I have Reinhold Niebuhr on the mind these days.
We have been waiting for weeks now to sing that very first verse: “Joy to the world, the Lord is come!”
I was listening, the other day, to a man on the radio who said that he advocated “Value Based Voting.”
Today, at 10:00 p.m., South Dakota will execute a man, and another man within the next couple of weeks.
Below is the text of August 12th’s sermon for Springdale Lutheran. The texts are below the sermon, and were captured at http://bible.oremus.org.
The other day, my good friend told me that she’d watched a show about the Rogue Wave Phenomenon.
Anna- curious of your understanding of Matthew 13:36-43. Is this really telling of a one time judgement and not an eternal one? I was thinking of our conversation at Outlaw Ranch this past week. It sounds pretty eternal to me.
The problem I see every day amongst Christians is the inability to find a more practical explanation to those of us who don’t quite understand the meaning of giving up your only son to save a bunch of sinners. Why would anyone do that? And worse: no matter what kind of crook you’ve been your whole life, just accept such a travesty and you secured a spot in heaven. And I’m supposed to reason with that????? Come on!!!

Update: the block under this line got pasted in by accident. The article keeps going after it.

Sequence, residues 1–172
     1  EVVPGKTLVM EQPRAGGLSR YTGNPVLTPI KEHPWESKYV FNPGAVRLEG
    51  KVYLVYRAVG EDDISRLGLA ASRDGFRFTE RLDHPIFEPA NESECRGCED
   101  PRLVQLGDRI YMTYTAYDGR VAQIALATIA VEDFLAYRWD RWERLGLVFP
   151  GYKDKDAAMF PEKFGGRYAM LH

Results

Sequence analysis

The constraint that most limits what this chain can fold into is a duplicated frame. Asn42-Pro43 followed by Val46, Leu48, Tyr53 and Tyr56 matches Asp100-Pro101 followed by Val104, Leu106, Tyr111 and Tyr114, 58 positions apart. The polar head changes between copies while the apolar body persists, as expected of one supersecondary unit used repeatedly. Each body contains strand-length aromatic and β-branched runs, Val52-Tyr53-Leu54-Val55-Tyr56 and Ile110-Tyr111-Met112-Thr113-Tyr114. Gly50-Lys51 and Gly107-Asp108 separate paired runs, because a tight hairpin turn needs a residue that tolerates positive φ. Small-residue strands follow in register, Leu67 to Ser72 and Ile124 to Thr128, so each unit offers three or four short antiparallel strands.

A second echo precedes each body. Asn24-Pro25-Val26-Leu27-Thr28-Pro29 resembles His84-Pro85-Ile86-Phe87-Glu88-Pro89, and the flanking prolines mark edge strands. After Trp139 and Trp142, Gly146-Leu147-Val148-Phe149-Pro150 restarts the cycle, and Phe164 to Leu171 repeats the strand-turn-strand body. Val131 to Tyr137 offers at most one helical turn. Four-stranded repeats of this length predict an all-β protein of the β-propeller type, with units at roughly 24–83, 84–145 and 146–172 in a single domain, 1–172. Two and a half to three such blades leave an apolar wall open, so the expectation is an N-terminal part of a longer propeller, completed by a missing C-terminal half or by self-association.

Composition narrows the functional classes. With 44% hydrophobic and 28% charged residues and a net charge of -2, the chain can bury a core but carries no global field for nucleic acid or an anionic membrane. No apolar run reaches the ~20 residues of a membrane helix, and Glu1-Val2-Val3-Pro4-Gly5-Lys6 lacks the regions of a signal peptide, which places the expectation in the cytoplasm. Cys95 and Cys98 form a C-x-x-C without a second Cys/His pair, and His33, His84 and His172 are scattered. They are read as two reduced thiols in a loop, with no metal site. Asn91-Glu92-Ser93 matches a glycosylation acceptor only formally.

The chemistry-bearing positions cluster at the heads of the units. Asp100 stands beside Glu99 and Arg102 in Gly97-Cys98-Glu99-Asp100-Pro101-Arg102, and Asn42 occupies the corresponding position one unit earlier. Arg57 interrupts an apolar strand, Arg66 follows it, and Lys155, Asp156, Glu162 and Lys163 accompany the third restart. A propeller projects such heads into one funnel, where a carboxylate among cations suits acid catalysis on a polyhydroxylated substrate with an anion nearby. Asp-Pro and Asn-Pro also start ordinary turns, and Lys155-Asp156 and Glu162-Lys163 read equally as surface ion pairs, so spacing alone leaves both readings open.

I was brought up being told that God is everywhere, and all powerful, that those who seek shall find, and that it is quite possible to walk through the valley of the shadow of death, while fearing no evil.
These days I’m reading a lot of the Old Testament theologian Walter Brueggemann.
adventure (n.) early 13c., auenture “that which happens by chance, fortune, luck,” from O.Fr. aventure (11c.) “chance, accident, occurrence, event, happening,” from L. adventura (res) “(a thing) about to happen,” from adventurus, future participle of advenire “to come to, reach, arrive at,” from ad- “to” (see ad-) + venire “to come” (see venue). Meaning developed through “risk/danger” (a trial of one’s chances) and “perilous undertaking” (early 14c.) and thence to “a novel or exciting incident” (1560s). The -d- was restored 15c.-16c. Venture is a 15c. variant. As a verb, c.1300, “to risk the loss of;” early 14c. “to take a chance.”
I was so pleased to have been asked recently to prepare a presentation for the Stephen’s Ministers of my congregation, and I decided to make the gathered group into guinea pigs.
I try to believe that grace is a fundamental teaching of the Lutheran faith. I have trouble with that at times. Any ideas?
That’s a provocative observation from theologian Sallie McFague.
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